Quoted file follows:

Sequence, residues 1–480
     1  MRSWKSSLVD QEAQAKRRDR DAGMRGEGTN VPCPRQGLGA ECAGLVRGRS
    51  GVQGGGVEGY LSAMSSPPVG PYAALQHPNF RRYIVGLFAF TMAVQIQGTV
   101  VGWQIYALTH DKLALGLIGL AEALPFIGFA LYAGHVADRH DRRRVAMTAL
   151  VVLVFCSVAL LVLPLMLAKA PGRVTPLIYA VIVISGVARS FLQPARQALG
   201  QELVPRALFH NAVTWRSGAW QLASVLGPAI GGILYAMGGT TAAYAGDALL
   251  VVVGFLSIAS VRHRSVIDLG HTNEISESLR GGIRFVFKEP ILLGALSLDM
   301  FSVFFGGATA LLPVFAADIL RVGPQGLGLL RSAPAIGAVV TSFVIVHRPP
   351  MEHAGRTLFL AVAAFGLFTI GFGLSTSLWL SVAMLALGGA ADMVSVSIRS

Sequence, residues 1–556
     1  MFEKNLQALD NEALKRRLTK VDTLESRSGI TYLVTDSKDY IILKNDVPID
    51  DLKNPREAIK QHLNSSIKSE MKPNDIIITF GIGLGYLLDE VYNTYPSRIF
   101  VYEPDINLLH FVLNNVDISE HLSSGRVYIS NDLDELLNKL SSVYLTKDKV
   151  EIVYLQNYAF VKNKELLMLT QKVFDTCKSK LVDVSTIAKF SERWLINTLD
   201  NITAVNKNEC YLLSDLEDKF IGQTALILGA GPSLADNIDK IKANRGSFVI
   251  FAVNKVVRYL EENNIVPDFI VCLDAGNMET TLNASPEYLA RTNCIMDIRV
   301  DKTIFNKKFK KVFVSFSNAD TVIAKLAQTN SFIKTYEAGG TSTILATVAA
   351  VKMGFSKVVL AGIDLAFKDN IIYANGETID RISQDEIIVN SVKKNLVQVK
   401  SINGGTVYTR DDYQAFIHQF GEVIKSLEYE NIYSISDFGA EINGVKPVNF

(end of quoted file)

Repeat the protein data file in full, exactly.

Sequence, residues 1–480
     1  MRSWKSSLVD QEAQAKRRDR DAGMRGEGTN VPCPRQGLGA ECAGLVRGRS
    51  GVQGGGVEGY LSAMSSPPVG PYAALQHPNF RRYIVGLFAF TMAVQIQGTV
   101  VGWQIYALTH DKLALGLIGL AEALPFIGFA LYAGHVADRH DRRRVAMTAL
   151  VVLVFCSVAL LVLPLMLAKA PGRVTPLIYA VIVISGVARS FLQPARQALG
   201  QELVPRALFH NAVTWRSGAW QLASVLGPAI GGILYAMGGT TAAYAGDALL
   251  VVVGFLSIAS VRHRSVIDLG HTNEISESLR GGIRFVFKEP ILLGALSLDM
   301  FSVFFGGATA LLPVFAADIL RVGPQGLGLL RSAPAIGAVV TSFVIVHRPP
   351  MEHAGRTLFL AVAAFGLFTI GFGLSTSLWL SVAMLALGGA ADMVSVSIRS

Sequence, residues 1–556
     1  MFEKNLQALD NEALKRRLTK VDTLESRSGI TYLVTDSKDY IILKNDVPID
    51  DLKNPREAIK QHLNSSIKSE MKPNDIIITF GIGLGYLLDE VYNTYPSRIF
   101  VYEPDINLLH FVLNNVDISE HLSSGRVYIS NDLDELLNKL SSVYLTKDKV
   151  EIVYLQNYAF VKNKELLMLT QKVFDTCKSK LVDVSTIAKF SERWLINTLD
   201  NITAVNKNEC YLLSDLEDKF IGQTALILGA GPSLADNIDK IKANRGSFVI
   251  FAVNKVVRYL EENNIVPDFI VCLDAGNMET TLNASPEYLA RTNCIMDIRV
   301  DKTIFNKKFK KVFVSFSNAD TVIAKLAQTN SFIKTYEAGG TSTILATVAA
   351  VKMGFSKVVL AGIDLAFKDN IIYANGETID RISQDEIIVN SVKKNLVQVK
   401  SINGGTVYTR DDYQAFIHQF GEVIKSLEYE NIYSISDFGA EINGVKPVNF